Clinging Jellyfish Now Spotted in Wildwood
WILDWOOD — The clinging jellyfish has made its way to the southern most areas of the Jersey Shore much to the surprise of those who've been tracking them.
Paul Bologna, a professor of biology and molecular biology at Montclair State University, has been working with the state Department of Environmental Protection at tracking the transparent, tiny jellyfish, which made its first appearance in the state 2016 in the Manasquan and Shrewsbury rivers.
Clinging jellyfish have a red, orange or violet cross. Each jellyfish can have 60 to 90 tentacles that contain stinging cells capable of delivering painful neurotoxins. Clinging jellyfish primarily feed on zooplankton. The are not considered a threat to ocean swimmers but they can sting people wading in bays, rivers or tidal areas.
Bologna's team worked with the DEP to track their presence before Memorial Day in an effort to update the DEP's maps. Until now, the farthest south they've been located are Barnegat Bay.
The mother of a girl who was stocking her terrarium with crabs and algae in a tidal area in North Wildwood on Saturday noticed that the baby jellyfish she found looked a lot like the clinging jellyfish. She took a picture and sent it to Bologna to take a look.
"We went down there on Monday and sure enough in that little pond we picked up about 150 in an hour. I certainly was not expecting to see that," Bologna told the Townsquare News Network. "It was a complete surprise."
He said the area where it was found is a salt pond and compared it to similar bodies of water on Martha's Vineyard where the clinging jellyfish were first found. Their discovery might also mean that the could be in other back bay areas as well as salt ponds along the coast.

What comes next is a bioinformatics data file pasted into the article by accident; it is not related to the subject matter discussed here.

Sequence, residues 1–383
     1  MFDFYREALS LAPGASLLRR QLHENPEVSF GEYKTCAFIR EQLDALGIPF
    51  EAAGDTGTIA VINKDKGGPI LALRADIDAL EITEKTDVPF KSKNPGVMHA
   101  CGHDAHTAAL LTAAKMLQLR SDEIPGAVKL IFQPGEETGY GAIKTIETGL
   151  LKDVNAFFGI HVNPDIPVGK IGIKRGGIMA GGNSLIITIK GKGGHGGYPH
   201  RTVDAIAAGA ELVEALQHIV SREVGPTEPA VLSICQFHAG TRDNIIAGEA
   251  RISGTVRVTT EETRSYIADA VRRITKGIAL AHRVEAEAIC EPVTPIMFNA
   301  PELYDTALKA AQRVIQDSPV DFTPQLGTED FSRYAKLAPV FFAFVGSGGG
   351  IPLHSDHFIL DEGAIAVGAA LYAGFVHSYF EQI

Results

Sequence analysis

Bologna said their discovery was troubling because they were found on an ocean beach front area where people walk.
"From Sandy Hook to Cape May, there's no place that I can dependably say you're not going to see them except for Lake Hopatcong. Anything is kind of open," Bologna said.
Until now the clinging jellyfish usually attach themselves to submerged aquatic vegetation and algae in back bays and estuaries and are not commonly found on the beach. The possibility exists that some recent higher-than-usual tides may have brought the clinging jellyfish to the area but as a precaution signs are posted to make people aware.
Bologna credited his New Jersey Jellyspotters Facebook page for making him aware.
"The public sees this stuff and lets us know. And then we can investigate when it looks really credible," he said.
If stung by a clinging jellyfish, the DEP recommends:
- Apply white vinegar to the affected area to immobilize any remaining stinging cells.
- Rinse the area with salt water and remove any remaining tentacle materials using gloves or a thick towel. A hot compress or cold pack can then be applied to alleviate pain.
- If symptoms persist or pain increases, seek prompt medical attention